How did the Zengakuren activists respond to this? By making a parody TV news report on ZNN (Zenshin News Network), its new spin-off from the successful Zenshin Channel YouTube series that is bringing radical left-wing politics to Japanese millennials.
For this edition of the ZNN “show”, the anchor in the “studio” was former Zengakuren chair Ikuma Saitō, while the reporter in the field was none other than Saitō’s successor, Kyōhei Takahara. Posing as the seasoned correspondent delivering a report from the scene, the University of Tokyo gives an admirably deadpan performance that further shows what a smart choice he was to lead the student group.
By making this kind of video, which was shot immediately as the raid was taking place, edited and then published the same day, Zengakuren is embracing the state’s attempts to oppress its activities. This is not only a novel way to denounce, mock and resist such raids, which are a regular part of life for those living at Zenshinsha, but also functions as a means of weaponising the police tactics against them. In the video, for instance, specific officers are targeted and even named and shamed. Takahara smartly avoids actually touching or blocking them — an arrest-worthy offence — but putting a camera in their faces, as the activists frequently now do at protests, reminds the police they have the same surveillance technology tools at their disposal that the authorities use. It is part of an on-going tit-for-tat with the TMP, stemming not only from a constant cycle of arrests and surveillance but also an alleged incident of assault that sparked a lawsuit by the activists against the police.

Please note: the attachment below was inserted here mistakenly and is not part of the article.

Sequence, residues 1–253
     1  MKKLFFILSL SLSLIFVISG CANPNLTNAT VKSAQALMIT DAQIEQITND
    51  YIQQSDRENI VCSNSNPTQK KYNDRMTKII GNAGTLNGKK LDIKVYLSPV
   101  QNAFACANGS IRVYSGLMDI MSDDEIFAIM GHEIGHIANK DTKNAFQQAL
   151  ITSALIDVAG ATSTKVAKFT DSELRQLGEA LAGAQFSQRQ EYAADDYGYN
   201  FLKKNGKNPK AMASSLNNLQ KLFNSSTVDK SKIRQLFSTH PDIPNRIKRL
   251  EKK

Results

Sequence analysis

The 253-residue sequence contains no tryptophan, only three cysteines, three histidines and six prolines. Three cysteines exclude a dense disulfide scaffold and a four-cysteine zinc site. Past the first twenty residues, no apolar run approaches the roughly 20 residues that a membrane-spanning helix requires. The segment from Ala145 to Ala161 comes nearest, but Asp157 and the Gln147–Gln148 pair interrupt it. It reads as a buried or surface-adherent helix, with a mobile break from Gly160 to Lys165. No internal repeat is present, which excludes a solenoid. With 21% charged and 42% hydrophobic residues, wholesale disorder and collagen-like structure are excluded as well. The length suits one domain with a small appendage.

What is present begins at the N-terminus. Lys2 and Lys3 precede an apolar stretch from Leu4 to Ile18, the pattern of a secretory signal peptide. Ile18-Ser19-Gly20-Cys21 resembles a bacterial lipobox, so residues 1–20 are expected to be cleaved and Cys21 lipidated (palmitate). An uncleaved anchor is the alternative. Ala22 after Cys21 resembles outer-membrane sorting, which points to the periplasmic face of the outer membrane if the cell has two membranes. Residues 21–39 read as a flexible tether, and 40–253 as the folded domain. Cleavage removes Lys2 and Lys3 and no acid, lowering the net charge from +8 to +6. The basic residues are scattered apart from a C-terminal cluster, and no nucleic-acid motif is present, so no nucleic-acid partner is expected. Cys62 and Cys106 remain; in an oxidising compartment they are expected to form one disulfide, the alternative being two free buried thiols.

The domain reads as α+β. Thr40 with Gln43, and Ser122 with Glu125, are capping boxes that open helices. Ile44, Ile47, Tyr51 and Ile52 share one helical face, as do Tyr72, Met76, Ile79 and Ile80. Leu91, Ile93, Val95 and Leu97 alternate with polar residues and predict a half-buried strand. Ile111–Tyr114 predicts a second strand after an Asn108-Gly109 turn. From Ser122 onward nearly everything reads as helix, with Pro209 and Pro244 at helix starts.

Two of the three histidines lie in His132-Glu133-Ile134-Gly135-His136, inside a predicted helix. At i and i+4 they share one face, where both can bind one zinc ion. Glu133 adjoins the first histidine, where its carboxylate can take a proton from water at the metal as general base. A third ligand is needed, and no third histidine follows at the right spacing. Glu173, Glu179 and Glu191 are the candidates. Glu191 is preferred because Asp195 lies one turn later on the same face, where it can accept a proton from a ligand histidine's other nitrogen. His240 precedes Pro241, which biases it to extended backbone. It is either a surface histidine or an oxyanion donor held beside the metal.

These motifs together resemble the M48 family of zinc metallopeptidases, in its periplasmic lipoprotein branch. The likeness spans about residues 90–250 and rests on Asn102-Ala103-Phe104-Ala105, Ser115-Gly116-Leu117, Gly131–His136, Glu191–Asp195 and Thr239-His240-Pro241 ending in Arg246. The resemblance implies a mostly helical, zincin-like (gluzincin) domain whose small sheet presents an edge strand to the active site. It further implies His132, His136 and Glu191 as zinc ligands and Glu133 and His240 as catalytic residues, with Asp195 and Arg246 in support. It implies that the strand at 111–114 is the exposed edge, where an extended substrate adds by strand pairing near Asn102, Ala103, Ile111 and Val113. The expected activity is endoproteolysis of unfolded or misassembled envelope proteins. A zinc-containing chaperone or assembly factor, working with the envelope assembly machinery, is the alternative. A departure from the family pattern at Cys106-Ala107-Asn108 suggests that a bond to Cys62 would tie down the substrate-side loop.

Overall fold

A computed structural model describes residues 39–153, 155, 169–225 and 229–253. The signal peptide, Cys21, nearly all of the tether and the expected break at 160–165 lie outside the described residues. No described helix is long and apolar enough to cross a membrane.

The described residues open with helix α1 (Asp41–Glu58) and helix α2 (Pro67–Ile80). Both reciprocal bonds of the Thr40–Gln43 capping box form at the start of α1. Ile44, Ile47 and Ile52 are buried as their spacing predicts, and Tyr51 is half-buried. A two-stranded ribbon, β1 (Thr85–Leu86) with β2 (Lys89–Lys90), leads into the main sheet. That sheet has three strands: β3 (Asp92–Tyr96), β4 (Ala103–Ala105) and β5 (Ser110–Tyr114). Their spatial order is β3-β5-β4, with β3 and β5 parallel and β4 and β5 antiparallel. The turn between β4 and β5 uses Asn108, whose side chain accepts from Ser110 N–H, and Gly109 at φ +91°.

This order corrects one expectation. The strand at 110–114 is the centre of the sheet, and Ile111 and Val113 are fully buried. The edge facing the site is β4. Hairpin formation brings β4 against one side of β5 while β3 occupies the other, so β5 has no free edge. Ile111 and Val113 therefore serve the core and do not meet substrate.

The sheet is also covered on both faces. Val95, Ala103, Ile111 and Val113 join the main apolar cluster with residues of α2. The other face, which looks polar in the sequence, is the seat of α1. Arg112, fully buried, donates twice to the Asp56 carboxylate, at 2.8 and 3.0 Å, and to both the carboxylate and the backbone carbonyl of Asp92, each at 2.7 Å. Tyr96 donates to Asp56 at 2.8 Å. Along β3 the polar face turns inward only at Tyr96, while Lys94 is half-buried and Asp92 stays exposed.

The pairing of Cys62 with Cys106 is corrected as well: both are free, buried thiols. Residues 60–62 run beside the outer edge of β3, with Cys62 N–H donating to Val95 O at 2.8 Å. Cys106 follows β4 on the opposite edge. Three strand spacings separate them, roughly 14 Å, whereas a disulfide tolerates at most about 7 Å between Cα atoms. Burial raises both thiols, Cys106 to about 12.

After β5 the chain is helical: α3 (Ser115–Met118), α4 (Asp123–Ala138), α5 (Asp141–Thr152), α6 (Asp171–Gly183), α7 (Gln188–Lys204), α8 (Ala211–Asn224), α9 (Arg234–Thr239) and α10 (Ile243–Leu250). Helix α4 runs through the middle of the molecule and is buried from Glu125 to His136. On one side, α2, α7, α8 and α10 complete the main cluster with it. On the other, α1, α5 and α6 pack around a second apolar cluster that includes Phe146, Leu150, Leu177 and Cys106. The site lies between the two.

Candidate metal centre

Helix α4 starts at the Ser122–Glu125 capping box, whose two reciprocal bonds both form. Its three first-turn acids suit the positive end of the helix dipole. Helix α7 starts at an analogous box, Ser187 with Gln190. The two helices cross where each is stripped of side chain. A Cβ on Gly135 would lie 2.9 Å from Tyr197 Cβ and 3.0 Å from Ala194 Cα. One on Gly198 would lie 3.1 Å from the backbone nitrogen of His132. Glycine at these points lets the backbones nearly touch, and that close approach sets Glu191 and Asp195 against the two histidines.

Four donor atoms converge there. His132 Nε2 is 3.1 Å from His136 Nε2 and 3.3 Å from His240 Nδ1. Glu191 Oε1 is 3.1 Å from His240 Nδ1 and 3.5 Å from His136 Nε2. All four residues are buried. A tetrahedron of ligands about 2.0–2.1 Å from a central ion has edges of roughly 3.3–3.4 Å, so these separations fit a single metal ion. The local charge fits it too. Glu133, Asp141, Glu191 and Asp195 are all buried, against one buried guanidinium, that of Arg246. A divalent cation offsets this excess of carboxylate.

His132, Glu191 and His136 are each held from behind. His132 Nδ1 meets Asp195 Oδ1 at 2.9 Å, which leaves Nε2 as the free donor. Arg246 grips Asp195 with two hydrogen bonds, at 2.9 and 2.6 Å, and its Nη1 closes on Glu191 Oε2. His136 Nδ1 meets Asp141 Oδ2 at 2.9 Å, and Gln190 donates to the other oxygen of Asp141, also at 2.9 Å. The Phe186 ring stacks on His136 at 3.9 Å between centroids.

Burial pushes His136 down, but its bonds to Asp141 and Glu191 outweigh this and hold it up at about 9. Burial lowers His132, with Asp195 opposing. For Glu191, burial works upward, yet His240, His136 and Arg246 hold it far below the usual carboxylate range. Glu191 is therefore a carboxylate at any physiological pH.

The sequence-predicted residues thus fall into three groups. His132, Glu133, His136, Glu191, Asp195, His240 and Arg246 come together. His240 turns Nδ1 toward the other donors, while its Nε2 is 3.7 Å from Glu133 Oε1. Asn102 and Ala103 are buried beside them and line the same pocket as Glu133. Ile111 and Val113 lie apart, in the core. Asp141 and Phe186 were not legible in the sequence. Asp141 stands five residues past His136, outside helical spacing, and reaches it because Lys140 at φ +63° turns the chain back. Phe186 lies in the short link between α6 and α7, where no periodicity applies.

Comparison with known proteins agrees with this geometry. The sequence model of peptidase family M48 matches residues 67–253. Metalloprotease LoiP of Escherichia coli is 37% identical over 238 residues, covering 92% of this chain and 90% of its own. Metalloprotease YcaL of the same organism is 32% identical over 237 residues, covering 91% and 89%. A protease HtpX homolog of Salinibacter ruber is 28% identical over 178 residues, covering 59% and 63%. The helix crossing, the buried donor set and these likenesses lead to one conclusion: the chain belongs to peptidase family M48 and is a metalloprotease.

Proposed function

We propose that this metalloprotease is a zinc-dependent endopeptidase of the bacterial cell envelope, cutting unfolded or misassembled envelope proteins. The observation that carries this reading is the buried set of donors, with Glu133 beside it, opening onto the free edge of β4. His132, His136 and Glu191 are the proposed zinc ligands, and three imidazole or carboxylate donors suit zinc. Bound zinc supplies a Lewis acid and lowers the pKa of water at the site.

In addition to ZNN, the “real” media also covered the raid, including the Fuji News Network and Nippon News Network. This is a standard response by the mainstream media, who are happy to peddle out such reports that further the police’s efforts to reinforce the image of far-left groups as militant and dangerous. Of course, the reports do not question the necessity for the arrest in the first place or speak to the activists — I am sure that Zengakuren would have gladly given an interview — let alone highlight the broader issues at play here, namely, the growing threat of police incursions into the civil society in the run-up to 2020.